February 6, 2003

Patterns of Fire in the Skies

A reporter called me on Sunday to ask me what I thought the national mood was in the wake of the Columbia disaster.

Getting called like this is becoming increasingly odd and distant from even a generous accounting of my expertise. I’ve commented in the past for reporters working on popular culture, nostalgia and television—I’ve sort of become Robert J. Thompson’s understudy—but now I’m getting all sorts of general questions about the national mood, reality programming and about anything else you care to name. I’m cool with it: most of the reporters who call are interesting people, often working on interesting stories. I don’t feel especially expert on some of these queries, but if I’m going to blog, I might as well talk as well.

On the “national mood”, at any rate, there is something to be said. Not what that mood is, but what it means to ask that question. I take it for granted that there is no such thing as a single “national mood” about the Columbia disaster (or many other events). Almost all of us felt sadness about it, of course. In speaking of a general mood, however, we affirm first what Benedict Anderson noted about nations, that they seek to assert a simultaneity of experience through mass media, that we are all living in the same moment, and second, we propose to find meaning in the unfolding of events, to impose orderly narratives on the disorderly progress of history.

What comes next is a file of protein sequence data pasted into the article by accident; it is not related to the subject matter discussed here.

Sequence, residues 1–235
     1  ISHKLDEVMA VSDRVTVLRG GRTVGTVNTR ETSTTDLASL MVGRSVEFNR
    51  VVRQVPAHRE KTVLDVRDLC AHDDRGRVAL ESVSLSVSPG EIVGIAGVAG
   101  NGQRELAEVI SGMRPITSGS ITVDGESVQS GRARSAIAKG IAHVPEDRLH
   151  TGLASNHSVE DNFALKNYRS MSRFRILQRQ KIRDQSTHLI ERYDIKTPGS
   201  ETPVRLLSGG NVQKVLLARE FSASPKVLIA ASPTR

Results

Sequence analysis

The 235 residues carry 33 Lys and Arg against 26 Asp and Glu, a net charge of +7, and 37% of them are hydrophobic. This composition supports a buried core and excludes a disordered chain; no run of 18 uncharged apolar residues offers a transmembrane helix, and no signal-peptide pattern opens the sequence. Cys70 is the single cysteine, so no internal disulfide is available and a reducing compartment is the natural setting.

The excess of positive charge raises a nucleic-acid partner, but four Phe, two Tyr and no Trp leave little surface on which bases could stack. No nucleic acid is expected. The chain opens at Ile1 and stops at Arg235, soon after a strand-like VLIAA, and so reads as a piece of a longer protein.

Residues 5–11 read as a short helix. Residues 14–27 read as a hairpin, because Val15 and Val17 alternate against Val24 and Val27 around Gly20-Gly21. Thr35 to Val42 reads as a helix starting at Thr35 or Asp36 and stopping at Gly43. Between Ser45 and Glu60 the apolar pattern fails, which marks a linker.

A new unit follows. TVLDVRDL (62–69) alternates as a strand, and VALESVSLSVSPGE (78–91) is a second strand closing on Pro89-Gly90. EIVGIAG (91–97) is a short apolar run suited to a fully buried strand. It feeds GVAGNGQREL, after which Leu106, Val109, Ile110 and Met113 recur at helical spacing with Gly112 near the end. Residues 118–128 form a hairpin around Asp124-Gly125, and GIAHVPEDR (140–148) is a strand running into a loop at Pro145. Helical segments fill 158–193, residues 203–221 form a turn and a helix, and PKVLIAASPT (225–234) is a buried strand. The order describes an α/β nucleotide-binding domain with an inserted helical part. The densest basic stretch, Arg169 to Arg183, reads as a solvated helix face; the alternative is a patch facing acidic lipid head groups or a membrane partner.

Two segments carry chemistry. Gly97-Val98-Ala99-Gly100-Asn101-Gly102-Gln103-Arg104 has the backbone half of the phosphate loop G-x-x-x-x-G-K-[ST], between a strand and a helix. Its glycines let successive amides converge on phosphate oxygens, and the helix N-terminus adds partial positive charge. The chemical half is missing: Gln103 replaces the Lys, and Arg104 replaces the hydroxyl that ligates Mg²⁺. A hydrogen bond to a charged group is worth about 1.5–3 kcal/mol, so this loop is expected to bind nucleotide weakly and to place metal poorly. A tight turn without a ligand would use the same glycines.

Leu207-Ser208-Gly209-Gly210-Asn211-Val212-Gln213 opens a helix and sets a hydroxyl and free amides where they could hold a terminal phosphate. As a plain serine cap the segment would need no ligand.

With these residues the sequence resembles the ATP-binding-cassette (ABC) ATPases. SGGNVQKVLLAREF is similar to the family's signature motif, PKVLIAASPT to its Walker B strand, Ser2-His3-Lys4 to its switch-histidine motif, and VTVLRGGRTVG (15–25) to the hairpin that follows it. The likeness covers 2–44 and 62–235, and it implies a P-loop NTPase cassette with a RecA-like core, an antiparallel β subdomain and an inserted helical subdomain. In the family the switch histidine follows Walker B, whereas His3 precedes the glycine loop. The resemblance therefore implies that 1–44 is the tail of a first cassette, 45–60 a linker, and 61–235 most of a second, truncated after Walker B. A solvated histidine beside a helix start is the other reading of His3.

Seven lives lost in space do mean more to me than seven lives lost in seven different car crashes. No insult to the victims of car accidents, but we place death and tragedy within larger narratives and structures of feeling all the time. My father’s death was more devastating to me by far than the death of my grandfather, not merely because of a closeness between my father and I (and a distance between myself and my grandfather) but because of the suddenness and unexpected nature of my father’s death. The picture in my mind, the powerful story, is about him dying alone on the floor of the men's room at his law firm office, an hour before anyone else got to work. That picture matters vastly more to me than the simple, banal, predictable and statistically ordinary fact that he died of a heart attack brought on by a lifetime of Type-A intensity and stress. The death of one boy from starvation and abuse in New Jersey has a different meaning to me than the death of a well-loved and well-cared for child in an accident: both tear at my heart, but they are different stories, different meanings. Similarly, some of the ways that Americans have seen meaning in the Columbia disaster make sense to me even if I don’t think they’re a literal description of the hidden causes of the crash.